Friday, January 13, 2012

Chapter 13

"I can mashed potato!" sang Jake, lurching across the kitchen floor.

"I can do the twist!" shrieked Taylor as she twisted lower, holding on to Zippy's front paws.

"Now tell me, baby," I sang, "Do you like it like this?"  I stirred the pot of spaghetti noodles, shaking it as best I could to the beat of the Contours' big sixties hit.

"Tell me, tell me..." the kids were singing and dancing their hearts out.

Then a voice from the kitchen door boomed, "We VanDeGelders don't dance.  We're Presbyterian."

Smart ass.  The dancers launched themselves at their father and I turned down the volume on the CD player on the kitchen counter.  Jeff sat down at the kitchen island, holding a giggling child in each arm.

"What are Vandy Gelders, Daddy?" Jake asked.

I rolled my eyes.  "Your father is poking fun at Broadway musicals," I answered.

"From Hello, Dolly," Taylor added.  "Aunt Rob has the DVD - he'll let us watch it sometime, Jake."

"Is there dancing?" Jake asked.  "I like dancing.  I can do the twist!"  He squirmed out of his father's grip and dashed off after the dogs, no doubt to convince one of them to dance with him.

"This is all your fault," Jeff said to Taylor.  "Monkey see, monkey do."

Taylor gave Jeff a kiss on the cheek.  "You love us, Daddy.  Even if we do dance.  I'll set the table, Mom."

Lord, every day I am thankful for that sweet and helpful child.  "And how was your day, dear?" I asked my husband, taking a sip before setting a cold glass of sweet tea in front of him.

"Thoroughly exciting.  Danny interviewed the whole list of suspects and other than sampling tea and cookies at practically every stop, he came up with absolutely nothing useful.  I'm hoping we're a little more successful tonight at BJ's bar.  Who's watching the kids?"

"Your dad.  He got home a little while ago.  I think he's out back resting up before dinner.  You could go call him in - it's almost ready," I suggested.

"He's not missed dinner yet; he'll come in on his own," Jeff replied.  "Oh, I brought you a present."  He held up a shopping bag from Belk.

"You went shopping?  In Mobile?"  I flashed back on the morning's odd telephone conversation.  "Ah, the shoe size inquiry."  I picked up the pot of spaghetti and poured the contents into the colander in the island sink.  "Show me - I have to finish fixing dinner."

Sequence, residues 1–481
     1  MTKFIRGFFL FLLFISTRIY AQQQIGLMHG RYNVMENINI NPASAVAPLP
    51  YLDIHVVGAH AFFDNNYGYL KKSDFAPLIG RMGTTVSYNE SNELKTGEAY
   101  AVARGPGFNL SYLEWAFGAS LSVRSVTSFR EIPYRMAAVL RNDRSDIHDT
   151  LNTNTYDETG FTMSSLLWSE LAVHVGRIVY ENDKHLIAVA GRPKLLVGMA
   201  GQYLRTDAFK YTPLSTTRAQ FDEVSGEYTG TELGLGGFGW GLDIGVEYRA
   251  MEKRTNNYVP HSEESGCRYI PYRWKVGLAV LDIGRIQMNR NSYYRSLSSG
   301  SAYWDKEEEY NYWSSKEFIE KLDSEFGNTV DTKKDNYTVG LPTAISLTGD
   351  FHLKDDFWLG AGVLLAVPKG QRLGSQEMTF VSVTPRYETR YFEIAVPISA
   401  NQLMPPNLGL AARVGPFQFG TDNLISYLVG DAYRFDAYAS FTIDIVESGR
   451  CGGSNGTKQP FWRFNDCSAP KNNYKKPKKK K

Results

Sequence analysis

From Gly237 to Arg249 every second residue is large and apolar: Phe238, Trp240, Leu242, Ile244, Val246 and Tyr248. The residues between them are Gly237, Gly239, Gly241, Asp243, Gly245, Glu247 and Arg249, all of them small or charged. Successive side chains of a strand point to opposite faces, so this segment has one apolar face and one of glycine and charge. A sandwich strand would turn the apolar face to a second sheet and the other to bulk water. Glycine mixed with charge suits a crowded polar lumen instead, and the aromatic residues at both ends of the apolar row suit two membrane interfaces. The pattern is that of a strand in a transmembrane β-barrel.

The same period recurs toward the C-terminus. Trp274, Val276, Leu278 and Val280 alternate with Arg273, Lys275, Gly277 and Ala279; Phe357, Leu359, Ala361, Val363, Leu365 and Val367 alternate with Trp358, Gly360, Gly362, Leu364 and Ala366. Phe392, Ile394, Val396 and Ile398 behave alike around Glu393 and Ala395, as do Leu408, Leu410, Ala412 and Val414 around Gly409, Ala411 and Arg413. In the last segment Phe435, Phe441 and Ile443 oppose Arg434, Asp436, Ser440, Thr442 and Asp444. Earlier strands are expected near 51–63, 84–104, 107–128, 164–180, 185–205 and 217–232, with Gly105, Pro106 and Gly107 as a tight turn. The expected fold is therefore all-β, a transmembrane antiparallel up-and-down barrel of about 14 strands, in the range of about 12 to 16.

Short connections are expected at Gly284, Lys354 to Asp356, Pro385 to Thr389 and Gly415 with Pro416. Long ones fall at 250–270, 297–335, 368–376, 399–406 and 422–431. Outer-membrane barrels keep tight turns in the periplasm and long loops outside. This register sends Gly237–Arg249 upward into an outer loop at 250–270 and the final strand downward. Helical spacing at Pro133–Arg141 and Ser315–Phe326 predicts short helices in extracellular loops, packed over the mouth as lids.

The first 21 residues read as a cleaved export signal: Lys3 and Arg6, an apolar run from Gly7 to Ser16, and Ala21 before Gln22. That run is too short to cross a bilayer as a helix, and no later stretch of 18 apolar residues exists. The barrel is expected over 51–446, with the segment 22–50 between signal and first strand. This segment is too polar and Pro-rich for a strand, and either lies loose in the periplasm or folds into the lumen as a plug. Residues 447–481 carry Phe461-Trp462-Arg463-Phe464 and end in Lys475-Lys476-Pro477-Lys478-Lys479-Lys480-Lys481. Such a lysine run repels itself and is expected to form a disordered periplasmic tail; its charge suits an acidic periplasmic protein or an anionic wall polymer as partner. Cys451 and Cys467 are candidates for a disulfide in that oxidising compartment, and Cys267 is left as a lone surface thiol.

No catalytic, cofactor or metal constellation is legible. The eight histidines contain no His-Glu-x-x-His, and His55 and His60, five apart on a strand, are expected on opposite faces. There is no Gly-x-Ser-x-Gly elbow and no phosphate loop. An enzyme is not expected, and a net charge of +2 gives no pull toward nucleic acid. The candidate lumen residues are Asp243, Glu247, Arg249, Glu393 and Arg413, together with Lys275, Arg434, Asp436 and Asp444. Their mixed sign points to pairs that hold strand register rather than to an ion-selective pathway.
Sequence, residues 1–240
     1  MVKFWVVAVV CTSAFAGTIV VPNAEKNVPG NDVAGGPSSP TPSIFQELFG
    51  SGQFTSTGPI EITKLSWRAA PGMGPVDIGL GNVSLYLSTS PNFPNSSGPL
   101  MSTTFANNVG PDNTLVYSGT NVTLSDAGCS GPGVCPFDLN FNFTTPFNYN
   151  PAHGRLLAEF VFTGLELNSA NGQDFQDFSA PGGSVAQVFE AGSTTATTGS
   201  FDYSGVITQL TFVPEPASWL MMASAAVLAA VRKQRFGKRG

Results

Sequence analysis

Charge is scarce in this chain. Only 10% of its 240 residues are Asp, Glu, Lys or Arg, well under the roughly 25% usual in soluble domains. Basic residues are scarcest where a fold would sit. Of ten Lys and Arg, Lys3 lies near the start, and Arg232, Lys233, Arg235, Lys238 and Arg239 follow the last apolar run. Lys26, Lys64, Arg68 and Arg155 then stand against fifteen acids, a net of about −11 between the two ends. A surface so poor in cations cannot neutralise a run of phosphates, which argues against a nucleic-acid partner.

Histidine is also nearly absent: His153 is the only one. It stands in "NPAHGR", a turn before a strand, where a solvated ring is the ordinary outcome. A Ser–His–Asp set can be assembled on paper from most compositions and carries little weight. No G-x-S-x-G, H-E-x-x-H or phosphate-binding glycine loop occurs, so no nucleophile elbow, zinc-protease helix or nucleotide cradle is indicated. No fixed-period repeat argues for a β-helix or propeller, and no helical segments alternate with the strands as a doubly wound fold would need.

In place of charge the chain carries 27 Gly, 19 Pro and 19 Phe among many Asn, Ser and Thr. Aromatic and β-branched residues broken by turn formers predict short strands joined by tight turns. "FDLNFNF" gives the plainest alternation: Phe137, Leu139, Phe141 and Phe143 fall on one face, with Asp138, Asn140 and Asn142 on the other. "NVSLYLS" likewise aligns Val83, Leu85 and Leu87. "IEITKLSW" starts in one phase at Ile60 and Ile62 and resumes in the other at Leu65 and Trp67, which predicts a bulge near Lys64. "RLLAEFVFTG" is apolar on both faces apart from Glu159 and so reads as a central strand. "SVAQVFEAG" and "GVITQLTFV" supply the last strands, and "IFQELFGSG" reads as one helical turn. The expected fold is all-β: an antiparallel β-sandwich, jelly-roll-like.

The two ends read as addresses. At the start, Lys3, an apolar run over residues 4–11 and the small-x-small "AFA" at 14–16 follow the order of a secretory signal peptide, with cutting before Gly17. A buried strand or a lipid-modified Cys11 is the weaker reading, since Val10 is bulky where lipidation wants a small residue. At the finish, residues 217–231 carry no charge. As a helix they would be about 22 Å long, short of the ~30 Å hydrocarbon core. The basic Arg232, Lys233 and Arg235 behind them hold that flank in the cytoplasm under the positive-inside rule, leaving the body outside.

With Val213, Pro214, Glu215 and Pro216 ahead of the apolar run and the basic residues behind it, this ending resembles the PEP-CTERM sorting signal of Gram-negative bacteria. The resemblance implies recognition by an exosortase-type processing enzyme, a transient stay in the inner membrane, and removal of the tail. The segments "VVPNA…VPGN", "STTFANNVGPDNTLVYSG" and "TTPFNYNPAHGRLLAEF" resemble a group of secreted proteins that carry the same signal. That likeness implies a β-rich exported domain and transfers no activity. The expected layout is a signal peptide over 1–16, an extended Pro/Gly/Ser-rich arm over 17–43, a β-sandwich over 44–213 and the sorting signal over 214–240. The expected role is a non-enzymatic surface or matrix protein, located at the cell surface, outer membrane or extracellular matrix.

He pulled a shoe box out of the bag and opened it.  "Well?"

He was holding a pair of purple leather flats - with a gleaming, hard-to-miss Tory Burch logo on the toes.  "Nice color, no heels, not crazy about the ostentatious logo, but I imagine that's the whole idea." I transferred the spaghetti to the large green pasta bowl and poured the sauce over it.

"The shoes are size eight and I hope this is the right size," Jeff said, now holding up an astonishingly small silver sweater with a v-neck cut down to the navel, or so it appeared.

I dropped a meatball right into the middle of the spaghetti, splashing sauce all over the front of my t-shirt.  "I don't care what size it is, I'm not wearing that," I said, adding more meatballs to the evening meal.  "Have you lost your mind?"

"I didn't pick it out.  And besides, the whole point is to get noticed."

"Believe me, you aren't going to be happy with what gets noticed if I wear that thing."

I carried the spaghetti to the table and called the kids into the kitchen for dinner.  "I smell something good for supper," said Grandpa Jack as he closed the kitchen door.  "Garlic bread?"

"Yes," I answered.  "Fresh from the grocer's freezer."

Jeff sat down at the head of the table.  "Glad you could join us," he said to his father, as Jack took his seat.

I gave Jake a boost up to the kitchen sink so he could wash his hands and took the rare opportunity to give his face a quick swipe with a paper towel.  Taylor picked up the basket of bread and delivered both it and Jake to the table.  I followed them both with a pitcher of tea.

"I'll ask the blessing," Jack said and proceeded to give thanks for the food and our little family.  I peeked at Jeff while his father was praying; his head was bowed and his eyes were closed.  A good sign.

As soon as the amen sounded, Jack exclaimed, "I am so hungry I could eat a whole Italian!"

"A what?" his sister asked.  "That doesn't make any sense.  An Italian is a person from Italy."